Most sellers are understandably reluctant to let a buyer scratch a bell just to see what it is made of, so when in doubt, a simple magnet will let you know when a ferrous casting is being contemplated.
While it is not a common occurrence, EMD locomotives sometimes end up with non-EMD bells. Apart from UKM replacement bells, Iíve seen very few "minority maker" (which for many years meant anyone other than EMD) or "third party" bells on EMD power in over twenty years of looking. Still, it does happen. I have seen a cut-down and otherwise modified steam locomotive bell adapted to a working ICG "Paducah rebuild," which is proof that about anything is possible.
The early minority maker diesel bells were usually quite distinct from one another, and are still fairly easy to spot as being non-EMD, even if you might not know exactly who produced it. General Electric used some bells over the years that were first cousins to EMD bells, but the most commonly encountered GE bell today is a rough cast 12" steel bell. This bell has no stem, but rather a "flat" surface on the top that allows it to be mounted under any convenient, flat-bottomed projection. Various raised markings will be found cast in these bells, sometimes on the inside. Recent practice on GE units is to weld this bell to whatever it hangs from, but earlier ones were secured only via the nut threaded onto the ringer stud.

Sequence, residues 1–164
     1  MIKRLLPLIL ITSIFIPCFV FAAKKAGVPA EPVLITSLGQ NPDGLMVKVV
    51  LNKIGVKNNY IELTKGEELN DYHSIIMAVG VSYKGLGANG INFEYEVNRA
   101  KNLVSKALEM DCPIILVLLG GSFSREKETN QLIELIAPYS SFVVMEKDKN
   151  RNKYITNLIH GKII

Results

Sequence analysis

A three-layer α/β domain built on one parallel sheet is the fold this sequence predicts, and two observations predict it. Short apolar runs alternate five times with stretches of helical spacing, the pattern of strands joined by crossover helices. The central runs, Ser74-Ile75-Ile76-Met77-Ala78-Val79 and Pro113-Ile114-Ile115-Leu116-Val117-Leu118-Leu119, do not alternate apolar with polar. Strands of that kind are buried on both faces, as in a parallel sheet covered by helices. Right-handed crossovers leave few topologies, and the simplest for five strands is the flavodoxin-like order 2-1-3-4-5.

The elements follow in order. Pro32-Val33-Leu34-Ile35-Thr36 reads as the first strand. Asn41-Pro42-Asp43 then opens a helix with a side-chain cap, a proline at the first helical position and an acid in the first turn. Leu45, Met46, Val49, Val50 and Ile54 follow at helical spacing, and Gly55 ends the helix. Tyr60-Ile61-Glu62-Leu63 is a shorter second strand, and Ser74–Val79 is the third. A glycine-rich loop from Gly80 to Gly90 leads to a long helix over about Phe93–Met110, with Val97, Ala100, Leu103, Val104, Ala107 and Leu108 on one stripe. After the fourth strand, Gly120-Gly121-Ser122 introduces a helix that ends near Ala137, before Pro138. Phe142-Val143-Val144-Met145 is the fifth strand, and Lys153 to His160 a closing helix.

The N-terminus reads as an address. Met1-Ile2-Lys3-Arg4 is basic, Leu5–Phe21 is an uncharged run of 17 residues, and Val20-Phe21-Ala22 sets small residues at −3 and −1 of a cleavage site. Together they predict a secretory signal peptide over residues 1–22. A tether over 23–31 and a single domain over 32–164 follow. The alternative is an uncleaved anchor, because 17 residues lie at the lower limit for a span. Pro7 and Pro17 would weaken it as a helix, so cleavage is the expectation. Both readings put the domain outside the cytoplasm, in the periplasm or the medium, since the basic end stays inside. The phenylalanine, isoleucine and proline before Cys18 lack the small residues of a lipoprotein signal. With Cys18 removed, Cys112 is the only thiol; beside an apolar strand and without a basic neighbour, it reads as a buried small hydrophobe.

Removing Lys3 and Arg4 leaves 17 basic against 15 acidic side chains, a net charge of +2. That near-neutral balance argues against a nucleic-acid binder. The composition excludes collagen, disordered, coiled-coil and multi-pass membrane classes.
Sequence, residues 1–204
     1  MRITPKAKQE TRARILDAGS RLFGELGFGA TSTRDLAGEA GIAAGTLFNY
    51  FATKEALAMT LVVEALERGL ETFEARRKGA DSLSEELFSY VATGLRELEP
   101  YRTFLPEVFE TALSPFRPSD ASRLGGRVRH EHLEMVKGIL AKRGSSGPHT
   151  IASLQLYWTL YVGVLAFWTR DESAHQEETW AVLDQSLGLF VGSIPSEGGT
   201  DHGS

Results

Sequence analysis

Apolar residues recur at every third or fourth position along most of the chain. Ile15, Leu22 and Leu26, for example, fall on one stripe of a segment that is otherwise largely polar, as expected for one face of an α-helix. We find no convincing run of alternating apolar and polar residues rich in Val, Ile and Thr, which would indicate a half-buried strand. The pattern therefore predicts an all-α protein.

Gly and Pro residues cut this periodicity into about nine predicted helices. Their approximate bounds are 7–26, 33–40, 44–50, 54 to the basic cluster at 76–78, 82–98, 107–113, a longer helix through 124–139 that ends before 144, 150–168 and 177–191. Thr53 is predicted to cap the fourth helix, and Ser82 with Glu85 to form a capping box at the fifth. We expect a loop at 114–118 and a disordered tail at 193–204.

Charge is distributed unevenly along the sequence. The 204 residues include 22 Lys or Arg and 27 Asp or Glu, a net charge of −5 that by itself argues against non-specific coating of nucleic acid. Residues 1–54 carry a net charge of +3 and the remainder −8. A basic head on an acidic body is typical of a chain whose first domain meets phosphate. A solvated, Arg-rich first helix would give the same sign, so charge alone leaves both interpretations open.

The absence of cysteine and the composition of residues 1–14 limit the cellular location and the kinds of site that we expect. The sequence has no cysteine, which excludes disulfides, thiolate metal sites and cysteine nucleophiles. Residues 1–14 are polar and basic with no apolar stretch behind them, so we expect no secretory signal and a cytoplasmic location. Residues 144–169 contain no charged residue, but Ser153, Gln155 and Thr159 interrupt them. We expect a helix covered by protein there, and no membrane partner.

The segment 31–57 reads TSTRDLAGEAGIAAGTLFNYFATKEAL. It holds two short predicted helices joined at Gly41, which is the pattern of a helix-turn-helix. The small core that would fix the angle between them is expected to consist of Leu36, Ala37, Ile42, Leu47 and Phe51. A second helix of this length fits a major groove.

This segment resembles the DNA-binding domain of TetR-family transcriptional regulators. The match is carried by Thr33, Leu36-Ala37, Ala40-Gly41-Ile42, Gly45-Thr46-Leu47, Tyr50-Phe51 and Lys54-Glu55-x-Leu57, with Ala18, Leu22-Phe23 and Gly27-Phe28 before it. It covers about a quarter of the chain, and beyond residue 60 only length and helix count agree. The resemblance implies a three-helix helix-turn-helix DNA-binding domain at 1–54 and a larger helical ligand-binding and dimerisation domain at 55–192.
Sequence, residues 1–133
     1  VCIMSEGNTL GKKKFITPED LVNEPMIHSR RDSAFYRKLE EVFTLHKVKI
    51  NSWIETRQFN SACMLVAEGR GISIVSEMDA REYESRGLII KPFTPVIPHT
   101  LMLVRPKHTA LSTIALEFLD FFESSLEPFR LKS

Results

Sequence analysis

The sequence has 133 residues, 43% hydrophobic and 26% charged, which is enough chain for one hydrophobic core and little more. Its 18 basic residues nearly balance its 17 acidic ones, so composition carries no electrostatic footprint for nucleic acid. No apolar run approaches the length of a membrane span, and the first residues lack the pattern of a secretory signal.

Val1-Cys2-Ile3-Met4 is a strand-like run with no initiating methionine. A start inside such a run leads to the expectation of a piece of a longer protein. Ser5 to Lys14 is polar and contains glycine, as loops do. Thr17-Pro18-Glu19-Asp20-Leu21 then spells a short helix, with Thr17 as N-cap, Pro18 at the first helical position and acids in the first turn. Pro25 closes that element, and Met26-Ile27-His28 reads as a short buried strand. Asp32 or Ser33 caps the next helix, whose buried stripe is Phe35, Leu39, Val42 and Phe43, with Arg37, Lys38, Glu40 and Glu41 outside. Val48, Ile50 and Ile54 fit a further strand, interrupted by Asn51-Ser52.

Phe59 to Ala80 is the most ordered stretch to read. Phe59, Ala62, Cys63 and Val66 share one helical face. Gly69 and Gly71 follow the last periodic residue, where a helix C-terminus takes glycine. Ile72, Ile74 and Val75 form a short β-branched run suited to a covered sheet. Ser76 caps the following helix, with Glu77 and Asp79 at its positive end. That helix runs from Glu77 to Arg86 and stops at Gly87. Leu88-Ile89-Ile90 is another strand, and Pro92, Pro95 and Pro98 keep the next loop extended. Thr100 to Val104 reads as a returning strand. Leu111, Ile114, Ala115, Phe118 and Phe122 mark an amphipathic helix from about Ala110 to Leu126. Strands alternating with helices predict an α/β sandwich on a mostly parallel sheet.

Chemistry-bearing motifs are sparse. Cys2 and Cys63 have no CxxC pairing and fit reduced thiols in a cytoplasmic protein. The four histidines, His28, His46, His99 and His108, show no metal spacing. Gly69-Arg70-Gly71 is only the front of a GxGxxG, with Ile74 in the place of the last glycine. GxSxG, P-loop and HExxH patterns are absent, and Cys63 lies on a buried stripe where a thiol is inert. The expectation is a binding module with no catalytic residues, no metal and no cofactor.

Occasionally, one will run across a cast steel bell that has been ground to a profile resembling a smooth EMD bell, but they are rare. All that I have seen were unmarked and adapted to EMD mounts by a tapered bushing that the bell snugged up against when the ringer nut was tightened. Just who made these bells, or why, is not known to me at present. In any event, they do look fairly nice when cleaned and painted. They are yet another good reason to have a magnet handy.
Some smooth bronze bells that fit EMD mountings have been produced by other parties, and the older examples are generally treated and valued much the same as if they were original EMD bells. New bells closely following the EMD "flat top" design are still available from a few sources (though not from EMD or those handling new EMD parts), and are often the best bet for display purposes, especially if a high polish is desired.


For many years, the standard bell mounting method on both passenger and freight EMD applications was the cast iron "spacer block" (#8044623 "BLOCK .. Bell spacer"). Though basically interchangeable and all marked "8044623" in cast raised numbers, there have been at least two minor revisions to this part; these subsequent variations may have an "A" added onto the number, or they may have "REV A" or "REV B" cast into them on another line. Various small foundry markings can also be found on many specimens. Replacement spacer blocks were formerly available from Power Parts Co., and they differed from EMD blocks in minor details such as a part number using slightly different size/style of numerals.